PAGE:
30+ Years of Freedom of Information Action

East Asia

Oct 13, 2009 | Briefing Book
Washington, D.C., October 13, 2009 - The election of the new Democratic Party government in Japan led by Yukio Hatoyama raises a significant challenge for the Obama administration: the status of secret agreements on nuclear weapons that Tokyo and Washington negotiated in 1960 and 1969.  For years, the  ruling Liberal Democratic Party claimed that there were no such  agreements, denying, for example, allegations that they had allowed U.S. nuclear-armed ships to sail into Japanese ports.  Nevertheless, declassified U.S.
Jun 15, 2007 | Briefing Book
Washington DC, June 15, 2007 - The unfolding controversies over the Iranian and Korean nuclear programs show the extreme difficulty of persuading a government to reverse its nuclear weapons program. Newly declassified documents on U.S.-Taiwan relations during the late 1970s, published today for the first time by the National Security Archive, shed new light on the challenges of counter-proliferation diplomacy. Even a dependent ally, such as Taiwan, tried hard to resist U.S. pressures to abandon suspect nuclear activities and kept Washington guessing whether it had really given them up.
Oct 26, 2006 | Briefing Book
Washington D.C., October 26, 2006 - A CIA panel of experts concluded in 1997 that North Korea was likely to collapse within five years, according to declassified documents posted today on the Web by the National Security Archive. This "Endgame" exercise of former U.S.
Sep 22, 2006 | Briefing Book
Washington, DC, September 22, 2006 - The prospects of a Comprehensive Nuclear Test Ban Treaty (CTBT) in the early 1990's led China to accelerate its testing schedule and discuss differences within the Russian government over testing, according to documents obtained through the Freedom of Information Act and archival research and posted on the Web today by the National Security Archive at George Washington University. The documents illustrate the efforts of the U.S.
Dec 14, 2005 | Briefing Book
Washington, D.C., December 14, 2005 - Secretary of State James Baker warned in 1991 that Japan's "bitter history" with the Koreas would "inhibit policy coordination," even though "Japan has important economic leverage on the North which the South will want to see used effectively" - according to a declassified cable posted today on the Web by the National Security Archive.
Aug 23, 2005 | Briefing Book
Washington D.C. August 23, 2005 - Next week, if all goes according to plan, the United States will resume six-party talks with North Korea, South Korea, Japan, Russia and host nation China on the issue of North Korea’s nuclear program. The parties are trying to reach agreement on a set of principles to guide negotiations that will lead to the dismantling of Pyongyang’s nuclear program and the threat it poses of a destabilizing North Korean nuclear weapons arsenal.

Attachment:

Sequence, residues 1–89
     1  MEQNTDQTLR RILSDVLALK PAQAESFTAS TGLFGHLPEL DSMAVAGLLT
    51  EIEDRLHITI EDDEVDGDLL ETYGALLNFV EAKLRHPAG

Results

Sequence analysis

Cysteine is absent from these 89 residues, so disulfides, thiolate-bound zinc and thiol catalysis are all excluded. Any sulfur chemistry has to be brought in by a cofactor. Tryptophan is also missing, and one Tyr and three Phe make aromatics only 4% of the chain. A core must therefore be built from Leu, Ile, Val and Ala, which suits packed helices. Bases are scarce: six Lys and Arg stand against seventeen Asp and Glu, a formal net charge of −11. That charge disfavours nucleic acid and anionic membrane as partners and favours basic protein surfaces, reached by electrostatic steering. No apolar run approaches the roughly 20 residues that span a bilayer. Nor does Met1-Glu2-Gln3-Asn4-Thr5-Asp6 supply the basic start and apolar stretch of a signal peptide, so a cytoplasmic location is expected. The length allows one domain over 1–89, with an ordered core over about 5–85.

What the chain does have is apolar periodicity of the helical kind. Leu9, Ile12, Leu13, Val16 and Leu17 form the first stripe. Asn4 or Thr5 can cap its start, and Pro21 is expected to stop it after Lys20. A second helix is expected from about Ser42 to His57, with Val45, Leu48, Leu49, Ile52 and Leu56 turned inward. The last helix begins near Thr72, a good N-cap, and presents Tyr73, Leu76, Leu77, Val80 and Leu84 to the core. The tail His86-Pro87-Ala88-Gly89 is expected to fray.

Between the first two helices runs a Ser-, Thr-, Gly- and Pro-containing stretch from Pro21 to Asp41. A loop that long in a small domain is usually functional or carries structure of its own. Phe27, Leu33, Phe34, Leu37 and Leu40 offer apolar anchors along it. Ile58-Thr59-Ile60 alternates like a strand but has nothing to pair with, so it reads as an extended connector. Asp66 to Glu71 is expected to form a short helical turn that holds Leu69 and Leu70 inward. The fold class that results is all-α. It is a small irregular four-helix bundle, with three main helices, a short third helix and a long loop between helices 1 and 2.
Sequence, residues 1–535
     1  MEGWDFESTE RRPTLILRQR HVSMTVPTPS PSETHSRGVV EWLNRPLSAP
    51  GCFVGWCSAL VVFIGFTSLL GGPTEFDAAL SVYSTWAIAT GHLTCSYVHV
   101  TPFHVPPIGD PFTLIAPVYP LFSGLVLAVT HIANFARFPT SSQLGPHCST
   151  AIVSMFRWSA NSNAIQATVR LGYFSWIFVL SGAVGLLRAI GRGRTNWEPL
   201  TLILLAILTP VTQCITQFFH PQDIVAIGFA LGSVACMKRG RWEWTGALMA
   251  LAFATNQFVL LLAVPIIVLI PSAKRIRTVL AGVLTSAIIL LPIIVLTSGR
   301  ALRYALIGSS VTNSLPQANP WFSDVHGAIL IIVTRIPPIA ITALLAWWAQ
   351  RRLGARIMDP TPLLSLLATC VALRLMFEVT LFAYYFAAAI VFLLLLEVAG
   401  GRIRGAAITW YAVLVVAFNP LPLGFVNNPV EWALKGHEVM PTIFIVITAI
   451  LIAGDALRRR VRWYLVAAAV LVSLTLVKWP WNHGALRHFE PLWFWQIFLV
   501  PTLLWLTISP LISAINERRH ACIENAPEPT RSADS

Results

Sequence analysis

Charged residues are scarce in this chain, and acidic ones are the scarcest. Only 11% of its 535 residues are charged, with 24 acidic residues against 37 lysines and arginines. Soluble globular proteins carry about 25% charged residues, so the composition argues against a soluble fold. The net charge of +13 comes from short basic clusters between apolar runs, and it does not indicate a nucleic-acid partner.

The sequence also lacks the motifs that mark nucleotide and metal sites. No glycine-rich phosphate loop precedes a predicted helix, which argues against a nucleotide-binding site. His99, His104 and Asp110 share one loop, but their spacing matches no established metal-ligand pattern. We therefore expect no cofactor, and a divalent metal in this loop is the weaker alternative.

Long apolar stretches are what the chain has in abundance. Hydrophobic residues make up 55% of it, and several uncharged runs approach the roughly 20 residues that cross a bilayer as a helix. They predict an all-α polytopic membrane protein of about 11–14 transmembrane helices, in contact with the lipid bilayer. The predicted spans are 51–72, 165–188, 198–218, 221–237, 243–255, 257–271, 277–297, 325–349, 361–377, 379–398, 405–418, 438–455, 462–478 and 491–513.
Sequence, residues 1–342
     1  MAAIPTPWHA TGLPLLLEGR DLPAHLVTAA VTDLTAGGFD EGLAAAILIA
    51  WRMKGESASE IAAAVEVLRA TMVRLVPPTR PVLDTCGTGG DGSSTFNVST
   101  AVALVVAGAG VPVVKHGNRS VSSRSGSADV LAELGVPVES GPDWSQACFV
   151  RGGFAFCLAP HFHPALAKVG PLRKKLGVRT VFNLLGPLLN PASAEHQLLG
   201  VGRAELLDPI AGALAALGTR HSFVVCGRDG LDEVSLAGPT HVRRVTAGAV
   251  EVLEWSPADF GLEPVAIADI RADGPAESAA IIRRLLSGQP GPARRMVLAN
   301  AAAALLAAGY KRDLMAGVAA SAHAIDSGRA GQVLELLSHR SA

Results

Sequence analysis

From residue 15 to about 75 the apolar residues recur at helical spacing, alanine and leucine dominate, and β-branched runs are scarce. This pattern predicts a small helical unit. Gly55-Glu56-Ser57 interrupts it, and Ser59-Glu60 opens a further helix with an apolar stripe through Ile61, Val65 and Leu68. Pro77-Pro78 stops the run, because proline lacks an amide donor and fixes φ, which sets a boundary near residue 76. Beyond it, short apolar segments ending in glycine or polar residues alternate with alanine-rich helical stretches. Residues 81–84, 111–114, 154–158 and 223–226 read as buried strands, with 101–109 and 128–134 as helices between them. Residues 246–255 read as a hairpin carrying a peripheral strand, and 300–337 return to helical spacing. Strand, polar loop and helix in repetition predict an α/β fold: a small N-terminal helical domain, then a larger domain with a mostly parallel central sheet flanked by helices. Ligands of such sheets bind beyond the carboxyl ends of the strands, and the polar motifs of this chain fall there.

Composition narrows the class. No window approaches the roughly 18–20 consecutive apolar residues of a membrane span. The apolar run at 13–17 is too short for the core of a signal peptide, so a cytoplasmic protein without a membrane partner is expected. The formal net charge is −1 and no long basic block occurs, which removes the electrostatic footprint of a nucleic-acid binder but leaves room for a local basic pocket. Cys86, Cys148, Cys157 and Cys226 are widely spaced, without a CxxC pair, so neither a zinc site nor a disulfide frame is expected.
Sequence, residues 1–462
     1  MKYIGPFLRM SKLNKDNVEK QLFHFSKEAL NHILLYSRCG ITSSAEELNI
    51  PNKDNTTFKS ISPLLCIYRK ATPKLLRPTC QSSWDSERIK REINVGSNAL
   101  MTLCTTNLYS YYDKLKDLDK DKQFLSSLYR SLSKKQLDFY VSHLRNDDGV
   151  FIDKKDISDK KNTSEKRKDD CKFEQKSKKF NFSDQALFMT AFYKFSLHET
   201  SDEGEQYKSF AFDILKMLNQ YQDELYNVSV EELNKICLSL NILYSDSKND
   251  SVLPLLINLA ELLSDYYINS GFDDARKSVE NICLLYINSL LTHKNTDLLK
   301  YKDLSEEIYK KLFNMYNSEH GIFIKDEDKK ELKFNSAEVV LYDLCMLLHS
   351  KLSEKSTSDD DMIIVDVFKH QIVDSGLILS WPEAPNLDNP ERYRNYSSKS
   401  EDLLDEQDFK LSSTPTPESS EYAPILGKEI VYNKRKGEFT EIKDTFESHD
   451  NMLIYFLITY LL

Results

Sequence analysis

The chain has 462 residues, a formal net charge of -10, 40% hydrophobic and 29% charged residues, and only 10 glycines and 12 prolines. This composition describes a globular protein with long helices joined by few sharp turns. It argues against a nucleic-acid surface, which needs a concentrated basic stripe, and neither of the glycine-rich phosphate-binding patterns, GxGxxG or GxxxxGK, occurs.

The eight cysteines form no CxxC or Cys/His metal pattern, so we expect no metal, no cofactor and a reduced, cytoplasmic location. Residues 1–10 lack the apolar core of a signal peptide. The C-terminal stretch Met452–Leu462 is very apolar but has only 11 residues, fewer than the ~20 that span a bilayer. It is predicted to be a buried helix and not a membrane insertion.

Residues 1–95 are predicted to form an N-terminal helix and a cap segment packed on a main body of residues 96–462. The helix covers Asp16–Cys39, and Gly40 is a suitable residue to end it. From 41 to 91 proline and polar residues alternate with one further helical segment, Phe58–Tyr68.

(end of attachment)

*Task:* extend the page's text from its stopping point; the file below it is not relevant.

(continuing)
Aug 5, 2005 | Briefing Book
Washington, D.C., August 5, 2005 - Sixty years ago this month, the United States dropped atomic bombs on Hiroshima and Nagasaki, the Soviet Union declared war on Japan, and the Japanese government surrendered to the United States and its allies. The nuclear age had truly begun with the first military use of atomic weapons. With the material that follows, the National Security Archive publishes the most comprehensive on-line collection to date of declassified U.S. government documents on the atomic bomb and the end of the war in the Pacific.
Jun 29, 2005 | News
Washington, D.C., June 29, 2005 - President Nixon and his national security adviser Henry Kissinger saw India as a "Soviet stooge" during the South Asia crisis of 1971, downplayed reports of Pakistani genocide in what is now Bangladesh, and even suggested that China intervene militarily on Pakistan's side, according to startling new documentation from White House files and tapes contained in the State Department's Foreign Relations of the United States series and reposted today by the National Security Archive.
Dec 21, 2004 | Briefing Book
Chinese marshal received Top Secret intelligence briefing from Kissinger in 1972, member of four marshals who told Mao "play the American card" in 1969 "History Declassified: Nixon in China" premieres December 21, 2004, 10 p.m.
Mar 5, 2004 | Briefing Book
Washington D.C., 5 March 2004 - The recent turnaround in Libya's nuclear policies and the many disclosures of Pakistan's role as a super-proliferator of nuclear weapons technology produced another extraordinary revelation: the discovery by U.S. and British intelligence of Chinese language material among the nuclear weapons design documents that Pakistan had supplied the Libyans. (Note 1) The exact subject matter of the documents remains secret, but the discovery was no surprise to students of nuclear proliferation or to China and Pakistan watchers.

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